Dr. David Dale

David’s work during his time in CoMPLEX provides a defence of the claim that likelihood based methods provide a better framework for performing phylogenetic analyses on molecular sequences than do parsimony based methods under the conditions studied. David’s novel work introduced in his thesis includes simulation studies that examine the performance of likelihood based and parsimony based methods at high evolutionary distances. At these distances, many changes accumulate at a single site causing a catastrophic collapse in the performance of the parsimony analysis. In contrast a well understood mathematical theory involving the use of Fisher’s information measure describes the decline in performance of likelihood methods.

    Further work by David compared the performance of likelihood based methods and parsimony methods under heterotachous conditions, i.e. conditions under which a single site will alter its rate of evolution relative to other sites. He rebutted a recent claim that parsimony based analyses outperform likelihood. He then introduced a likelihood model and he analyzed its performance.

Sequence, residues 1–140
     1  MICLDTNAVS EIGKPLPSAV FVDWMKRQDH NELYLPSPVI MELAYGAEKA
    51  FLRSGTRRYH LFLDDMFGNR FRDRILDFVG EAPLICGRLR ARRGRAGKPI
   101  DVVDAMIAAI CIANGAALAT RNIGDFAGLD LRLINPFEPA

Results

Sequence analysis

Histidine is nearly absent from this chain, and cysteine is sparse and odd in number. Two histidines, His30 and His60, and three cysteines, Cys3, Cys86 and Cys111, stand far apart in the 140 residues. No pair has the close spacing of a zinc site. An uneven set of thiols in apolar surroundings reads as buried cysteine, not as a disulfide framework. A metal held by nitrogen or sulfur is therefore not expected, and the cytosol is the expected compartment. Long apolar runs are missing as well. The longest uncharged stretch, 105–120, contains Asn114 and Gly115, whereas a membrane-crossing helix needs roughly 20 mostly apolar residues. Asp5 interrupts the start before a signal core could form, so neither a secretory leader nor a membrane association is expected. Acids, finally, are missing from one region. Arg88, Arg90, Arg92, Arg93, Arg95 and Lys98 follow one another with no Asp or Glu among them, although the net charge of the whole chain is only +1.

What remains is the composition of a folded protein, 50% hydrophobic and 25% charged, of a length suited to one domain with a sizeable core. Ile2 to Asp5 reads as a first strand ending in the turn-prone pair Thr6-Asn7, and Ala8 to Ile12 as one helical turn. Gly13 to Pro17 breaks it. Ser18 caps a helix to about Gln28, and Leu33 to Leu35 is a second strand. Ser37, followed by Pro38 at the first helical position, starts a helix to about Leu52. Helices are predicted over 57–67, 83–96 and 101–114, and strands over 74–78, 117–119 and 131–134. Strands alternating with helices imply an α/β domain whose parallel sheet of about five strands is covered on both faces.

Finally, he defined likelihood-based methods in terms of rates. He describes a method for turning these rates into a probability distribution describing the number of changes of interest across a phylogeny. He then compared it to the number of changes inferred under a parsimony analysis. When the true model is known, he showed that the counts of changes inferred under a parsimony-based analysis have a low probability of being correct. He argues in his thesis that this accounts for the poor performance of parsimony.

David’s homepage: http://www.ucl.ac.uk/~ucbpdcd/ 

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